This clip got sent around last week among some top Olympic coaches, and quickly went viral in that community. As smart coaches do, they immediately started talking about how they might use this technology as a learning tool. Click it and you’ll see why.
At first impression, it just looks like a super-cool visual effect: guys using a homemade array of 15 cameras to achieve the famed “bullet view” from the Matrix movies. (As Keanu would say, Whooaaaa.)
Now imagine that, instead of biker-dudes doing flips, you used the array to capture:
- A great guitarist navigating a Hendrix solo — showing the fingers, the wrist angle, the touch of each individual string
- A downhill skier executing a series of slalom turns — zoomed in on the knee angle, the weight shift, the tilt of the ankle
- A volleyball player executing variations of each basic move: bump, set, spike
- An elementary-school teacher managing a classroom, handling interruptions, focusing attention
- A salesperson making a pitch, using body language and expression to create engagement
We are all visual learners. Giving people the opportunity to stare at top performers in HD slow-mo, over and over, is exactly like handing them a blueprint.
The larger point: this kind of technology is only going to get cheaper and more available. Which means the deeper question is this: how are you going to use this stuff?
Also: the future is going to be really fun.
(Big thanks to John Kessel and Peter Vint for sharing.)
The other day I was asked to take part in a MOOC. If you haven’t heard the term yet, you will soon. MOOCs – Massive Online Open Courses — are speedily revolutionizing higher education, because they have the capability to deliver top-level teaching via the web to thousands of people, for free.
Anyway, this particular MOOC, taught by Professor Denise Comer of Duke University, is entitled English Composition I: Achieving Expertise. Seventy thousand people signed up, from Mongolia to Massachusetts, wanting to develop their skills. All of which got me thinking about writing, which might be the world’s most misunderstood talent.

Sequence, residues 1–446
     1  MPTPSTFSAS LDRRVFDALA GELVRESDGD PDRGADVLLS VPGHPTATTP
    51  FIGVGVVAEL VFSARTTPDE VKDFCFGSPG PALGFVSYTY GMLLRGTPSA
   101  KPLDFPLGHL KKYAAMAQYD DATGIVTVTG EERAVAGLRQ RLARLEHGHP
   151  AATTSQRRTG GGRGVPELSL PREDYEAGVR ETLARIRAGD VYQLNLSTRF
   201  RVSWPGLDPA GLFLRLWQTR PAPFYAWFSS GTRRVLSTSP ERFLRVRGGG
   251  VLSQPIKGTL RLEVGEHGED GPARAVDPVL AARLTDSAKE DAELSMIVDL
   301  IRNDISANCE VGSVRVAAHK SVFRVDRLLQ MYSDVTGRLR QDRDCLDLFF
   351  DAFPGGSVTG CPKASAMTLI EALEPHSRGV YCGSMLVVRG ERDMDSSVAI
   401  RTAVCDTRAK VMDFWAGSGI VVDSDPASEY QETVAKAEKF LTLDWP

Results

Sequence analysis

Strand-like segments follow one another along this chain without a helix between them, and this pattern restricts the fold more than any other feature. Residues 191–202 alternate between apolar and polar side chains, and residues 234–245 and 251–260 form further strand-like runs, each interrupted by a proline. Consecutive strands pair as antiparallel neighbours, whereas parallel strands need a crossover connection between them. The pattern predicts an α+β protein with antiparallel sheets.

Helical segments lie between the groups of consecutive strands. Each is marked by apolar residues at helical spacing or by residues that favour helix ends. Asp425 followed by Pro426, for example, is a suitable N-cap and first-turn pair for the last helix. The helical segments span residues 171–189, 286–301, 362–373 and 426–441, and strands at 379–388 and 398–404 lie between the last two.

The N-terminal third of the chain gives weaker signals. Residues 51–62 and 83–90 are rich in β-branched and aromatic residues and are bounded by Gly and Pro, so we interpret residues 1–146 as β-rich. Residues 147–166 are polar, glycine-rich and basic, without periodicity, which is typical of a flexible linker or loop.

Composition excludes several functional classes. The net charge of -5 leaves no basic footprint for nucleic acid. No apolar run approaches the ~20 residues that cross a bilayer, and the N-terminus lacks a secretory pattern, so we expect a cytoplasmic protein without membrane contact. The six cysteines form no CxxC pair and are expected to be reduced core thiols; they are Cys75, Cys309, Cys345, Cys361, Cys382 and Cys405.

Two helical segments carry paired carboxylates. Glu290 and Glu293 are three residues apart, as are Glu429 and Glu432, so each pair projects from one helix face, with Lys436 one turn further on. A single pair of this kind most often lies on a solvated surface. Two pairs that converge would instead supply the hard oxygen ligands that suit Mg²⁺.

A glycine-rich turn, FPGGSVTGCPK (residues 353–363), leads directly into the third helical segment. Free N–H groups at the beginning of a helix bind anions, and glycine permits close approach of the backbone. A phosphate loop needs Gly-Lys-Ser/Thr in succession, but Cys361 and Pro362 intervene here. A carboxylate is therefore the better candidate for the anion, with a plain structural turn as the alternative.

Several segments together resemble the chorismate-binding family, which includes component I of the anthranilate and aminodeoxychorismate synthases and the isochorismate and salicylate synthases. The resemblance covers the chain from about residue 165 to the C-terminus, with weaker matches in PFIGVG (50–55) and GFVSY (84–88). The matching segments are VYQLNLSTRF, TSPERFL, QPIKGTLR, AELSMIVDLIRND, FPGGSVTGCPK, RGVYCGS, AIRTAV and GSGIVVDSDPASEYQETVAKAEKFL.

Here’s the basic problem: people think that writing is this:
This happens to be Proust, but it could be Orwell or Austen or Whitman or Hemingway, who wrote no fewer than 47 different endings for A Farewell to Arms. Point is, writing isn’t wizardry, and good writers are not superhuman. Building a story is not magic. It’s more like building a piece of furniture: you need quality wood, basic design skills, and lots of sandpaper.
So with that in mind, I’d like to offer the following carpenter’s rules that I’ve developed over the years. Some have to do with structure, others with practice, and all of them are 100 percent unscientific.
- 1) Know the difference between a topic and a story, which is this: A topic sits still, and a story moves. A topic is an answer, while a story asks a question that connects to the reader’s heart and mind. For example, I got fired from my job yesterday is a topic. I got fired from my job yesterday and this morning I began planning my revenge — that is a story.
- 2) Don’t fly solo. Find the best writers who’ve written in this vein and study them like a detective. Figure out how they attacked the problem. They are your coaches.